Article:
Let the private sector do its work and let innovation grow the marketplace for jobs. Perhaps government can best help by researching and reporting what skills and training are desperately needed. This is not a call for central government planning, but if we can fund corporate incentives to “stay home,” we can certainly fund training and retraining programs for an Information Economy, based on the commercial availability and responsible use of data, that is providing financial well-being for millions of households, with millions more to come.

Hey, I’m all for “shovel-ready” jobs to rebuild American infrastructure — that well could be a bipartisan love affair that helps bolster global standing for “U.S. Open for Business.” But, also, in that same refrain, let’s demand a “jobs” plan that puts an emphasis on education and retraining for the Information Economy. The U.S. leads in this category — are we going to squander it?

Happy Holidays, and as you make your end-of-year giving, please consider our own livelihoods and future talent development in our field. Consider sponsoring a student and donate to Marketing EDGE. Philanthropy, yes, and an investment in a data-driven marketing career, one student at a time.

6 Tips for College Admissions Direct Mail

It’s been a while since I looked at college mail as a student, but I guess some things never change. Here’s a look at engaging college direct mail.

It’s been a while since I looked at college mail as a student, but I guess some things never change.

A few of my relatives and friends’ kids are considering the next steps in their educations. And, as it often happens, I’ve offered my advice based on the mail they’ve been getting.

Some of it is disappointing.

There are some schools that use basic direct mail to push prospective students to their websites as soon as possible. I’m talking about a 1-page letter, a quick call-to-action, and that’s it … no pictures, no graphics, no inspiring copy. Only a logo on the envelope.

Not very welcoming, is it? And pretty much what most colleges were mailing in 1984.

But there are some colleges that use the possibilities presented by printed direct mail to reach out to high schoolers in engaging ways. Here are a few I found in the files of Who’s Mailing What!

1. Be Inspiring
collegebrynminspire_01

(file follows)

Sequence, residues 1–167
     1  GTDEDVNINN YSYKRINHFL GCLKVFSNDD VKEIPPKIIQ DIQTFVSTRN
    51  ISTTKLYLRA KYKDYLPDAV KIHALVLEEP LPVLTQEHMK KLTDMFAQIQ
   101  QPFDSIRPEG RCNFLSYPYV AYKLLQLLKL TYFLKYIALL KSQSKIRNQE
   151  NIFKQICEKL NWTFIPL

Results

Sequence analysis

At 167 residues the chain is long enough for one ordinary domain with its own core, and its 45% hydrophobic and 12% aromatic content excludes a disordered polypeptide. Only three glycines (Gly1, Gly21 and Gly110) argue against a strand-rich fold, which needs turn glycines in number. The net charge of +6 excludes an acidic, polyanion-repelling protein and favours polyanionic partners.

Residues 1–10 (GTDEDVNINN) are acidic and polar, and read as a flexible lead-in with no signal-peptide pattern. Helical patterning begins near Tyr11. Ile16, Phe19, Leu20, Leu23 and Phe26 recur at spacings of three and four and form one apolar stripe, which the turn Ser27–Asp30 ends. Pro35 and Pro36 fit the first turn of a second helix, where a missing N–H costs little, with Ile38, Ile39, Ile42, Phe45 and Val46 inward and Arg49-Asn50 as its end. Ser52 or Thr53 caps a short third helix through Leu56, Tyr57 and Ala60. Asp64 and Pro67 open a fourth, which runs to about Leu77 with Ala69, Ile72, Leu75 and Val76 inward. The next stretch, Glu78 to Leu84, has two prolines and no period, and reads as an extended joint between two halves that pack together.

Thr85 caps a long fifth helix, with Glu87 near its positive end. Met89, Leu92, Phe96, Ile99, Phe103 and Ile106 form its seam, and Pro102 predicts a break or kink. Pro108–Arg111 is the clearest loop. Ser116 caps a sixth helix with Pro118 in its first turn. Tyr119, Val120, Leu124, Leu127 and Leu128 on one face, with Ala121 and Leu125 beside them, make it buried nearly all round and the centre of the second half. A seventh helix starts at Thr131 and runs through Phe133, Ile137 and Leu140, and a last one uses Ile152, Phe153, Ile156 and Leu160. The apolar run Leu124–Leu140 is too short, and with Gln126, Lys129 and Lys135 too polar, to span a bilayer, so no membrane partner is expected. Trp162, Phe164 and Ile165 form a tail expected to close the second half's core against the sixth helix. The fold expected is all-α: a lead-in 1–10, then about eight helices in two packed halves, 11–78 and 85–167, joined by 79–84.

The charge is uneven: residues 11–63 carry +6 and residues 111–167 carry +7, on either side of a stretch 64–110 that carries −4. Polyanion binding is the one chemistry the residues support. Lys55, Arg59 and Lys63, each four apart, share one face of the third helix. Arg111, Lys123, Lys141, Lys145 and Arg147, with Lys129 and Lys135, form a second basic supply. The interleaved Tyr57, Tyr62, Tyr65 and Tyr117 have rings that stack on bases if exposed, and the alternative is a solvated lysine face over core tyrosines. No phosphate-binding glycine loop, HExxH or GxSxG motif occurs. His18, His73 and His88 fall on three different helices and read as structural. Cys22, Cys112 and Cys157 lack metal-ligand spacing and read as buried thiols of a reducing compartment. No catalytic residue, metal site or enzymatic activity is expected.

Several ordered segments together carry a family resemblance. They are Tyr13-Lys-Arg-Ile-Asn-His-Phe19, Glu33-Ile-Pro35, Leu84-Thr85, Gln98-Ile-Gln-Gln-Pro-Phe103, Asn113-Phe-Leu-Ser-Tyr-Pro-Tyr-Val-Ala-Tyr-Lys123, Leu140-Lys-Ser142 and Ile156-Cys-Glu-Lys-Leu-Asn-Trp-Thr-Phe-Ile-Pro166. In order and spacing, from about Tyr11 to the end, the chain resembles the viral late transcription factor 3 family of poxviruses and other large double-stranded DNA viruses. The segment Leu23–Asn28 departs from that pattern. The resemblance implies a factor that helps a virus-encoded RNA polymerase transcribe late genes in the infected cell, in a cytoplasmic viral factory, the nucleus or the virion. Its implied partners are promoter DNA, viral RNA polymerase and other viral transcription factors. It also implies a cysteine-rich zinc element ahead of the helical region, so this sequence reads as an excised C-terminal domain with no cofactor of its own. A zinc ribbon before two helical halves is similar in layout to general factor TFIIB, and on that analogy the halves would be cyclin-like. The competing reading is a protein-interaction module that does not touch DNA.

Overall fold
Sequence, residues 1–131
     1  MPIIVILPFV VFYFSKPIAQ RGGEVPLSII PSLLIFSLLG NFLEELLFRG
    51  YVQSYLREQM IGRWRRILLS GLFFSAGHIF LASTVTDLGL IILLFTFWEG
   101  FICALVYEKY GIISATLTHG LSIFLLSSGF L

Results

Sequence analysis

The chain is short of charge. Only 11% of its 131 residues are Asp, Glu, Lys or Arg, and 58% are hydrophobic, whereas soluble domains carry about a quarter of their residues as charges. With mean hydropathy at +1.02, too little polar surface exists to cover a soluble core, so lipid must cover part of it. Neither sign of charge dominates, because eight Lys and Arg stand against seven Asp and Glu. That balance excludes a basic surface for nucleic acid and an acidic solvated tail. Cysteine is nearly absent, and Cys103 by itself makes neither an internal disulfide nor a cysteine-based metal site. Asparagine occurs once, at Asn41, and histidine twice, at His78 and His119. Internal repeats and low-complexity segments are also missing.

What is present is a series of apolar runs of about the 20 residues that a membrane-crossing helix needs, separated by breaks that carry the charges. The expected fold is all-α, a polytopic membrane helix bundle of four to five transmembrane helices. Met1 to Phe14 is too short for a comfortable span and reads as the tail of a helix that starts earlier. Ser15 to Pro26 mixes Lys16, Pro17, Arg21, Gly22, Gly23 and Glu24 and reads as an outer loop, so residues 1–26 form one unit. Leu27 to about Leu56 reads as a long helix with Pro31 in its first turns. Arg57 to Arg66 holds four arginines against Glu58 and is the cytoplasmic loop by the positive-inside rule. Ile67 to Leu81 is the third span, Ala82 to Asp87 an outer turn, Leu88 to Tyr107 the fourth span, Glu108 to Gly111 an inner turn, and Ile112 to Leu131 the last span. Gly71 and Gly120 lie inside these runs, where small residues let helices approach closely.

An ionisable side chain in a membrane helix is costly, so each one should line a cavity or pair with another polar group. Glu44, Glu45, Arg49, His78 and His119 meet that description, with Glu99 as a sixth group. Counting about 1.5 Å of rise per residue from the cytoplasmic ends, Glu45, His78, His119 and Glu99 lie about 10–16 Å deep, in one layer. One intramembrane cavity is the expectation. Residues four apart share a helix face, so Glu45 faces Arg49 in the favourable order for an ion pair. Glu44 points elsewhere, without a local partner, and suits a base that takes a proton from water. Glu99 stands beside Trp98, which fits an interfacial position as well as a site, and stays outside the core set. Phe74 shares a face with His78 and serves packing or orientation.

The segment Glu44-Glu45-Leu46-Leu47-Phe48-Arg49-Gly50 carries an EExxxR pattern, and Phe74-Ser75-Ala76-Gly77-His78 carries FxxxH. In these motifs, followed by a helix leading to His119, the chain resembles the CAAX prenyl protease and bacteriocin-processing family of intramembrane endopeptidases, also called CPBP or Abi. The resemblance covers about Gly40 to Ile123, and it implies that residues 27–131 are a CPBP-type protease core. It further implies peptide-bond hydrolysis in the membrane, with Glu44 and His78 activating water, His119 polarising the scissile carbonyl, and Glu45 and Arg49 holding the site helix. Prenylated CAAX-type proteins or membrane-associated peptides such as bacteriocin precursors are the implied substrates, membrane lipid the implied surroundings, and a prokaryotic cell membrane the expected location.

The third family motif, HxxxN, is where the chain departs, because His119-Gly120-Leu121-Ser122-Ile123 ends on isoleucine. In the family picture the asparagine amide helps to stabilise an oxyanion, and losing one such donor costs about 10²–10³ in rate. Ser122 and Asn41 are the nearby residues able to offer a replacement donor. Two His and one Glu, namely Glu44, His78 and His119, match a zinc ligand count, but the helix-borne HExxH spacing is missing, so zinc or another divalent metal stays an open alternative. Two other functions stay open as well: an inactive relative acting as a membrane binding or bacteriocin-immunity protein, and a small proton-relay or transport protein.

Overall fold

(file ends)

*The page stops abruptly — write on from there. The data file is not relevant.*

Bryn Mawr College mailed a 6”x11” postcard showing four young women passing through an arch on campus. After boasting about some of the careers achieved by its graduates, it asks: “Who will you become?” The opposite side talks about how the student will be part of a “thoughtful and challenging community of peers.” Both sides use a PURL call to action.

2. Show Your Data
neumont_01Here’s a great example from Neumont University, which has mailed this infographic in a #10 outer for over three years. It’s maybe the best I’ve ever seen in a direct mail package. It has word clouds, graphs, logos, and all of the important stats on how well the college prepares students for exciting tech careers. The entire package is about displaying the benefits.

3. Offer An Incentive
collegeubfree_01A lot of college students change direction, or otherwise face challenges that cause them to miss graduating in four years. The University of Baltimore dangles a carrot to students to finish on time: their last semester is free. It’s a simple postcard that doesn’t require any fancy graphics to make its point.

4. Use An involvement Device
collegekendallflash_01Early childhood education is an important program at Chicago’s Kendall College. So it mailed a small set of flashcards, the very tools a teacher would use, to spark some thought about how studying there helps a student advance their career in different ways.

5. Leverage Your Alumni
collegealbrightcool_01Colleges and universities may want to showcase their famous graduates, like athletes or entertainers, as a way to attract prospects. But another good option is showing how its alumni can wind up in other interesting places. Here, an Albright College graduate was chosen to meet with President Obama to talk about education policy. “You’re prepared for anything,” the postcard says.

6. Try Long Copy
collegerowanguide_01Rowan University mailed a “Guide for Parents & Families” that foregoes charts and hype. Instead, over 8 pages with long paragraphs, it gets the parent to “focus on the long term” in helping the student make a choice. It also lays out the exact costs for attending, as well as typical financial aid packages offered.

Here’s a final thought: I’ve always liked mail that includes pictures of students instead of buildings. Students enjoying the college experience …talking and learning in classrooms … playing sports … dancing … walking with friends. Anything that reminds students and parents that college is about more than the destination. College is about a journey of self-discovery. And, it’s one that’s also shared with others on journeys of their own.

Marketers, these are just a few of the tactics that can engage students and parents. What college mail do you like, or dislike? Please share in the comments below.

Retention Starts With Onboarding

Many purchase decisions come with months of angst, review of competitive options, and discussion among peers, family and friends, or in the case of a business purchase, stakeholders and management. Some are impulse buys, given no more thought than a click of a button. But when you finally do pull the trigger, what does that brand do to try and retain you as a customer other than immediately start to upsell you to another product or service?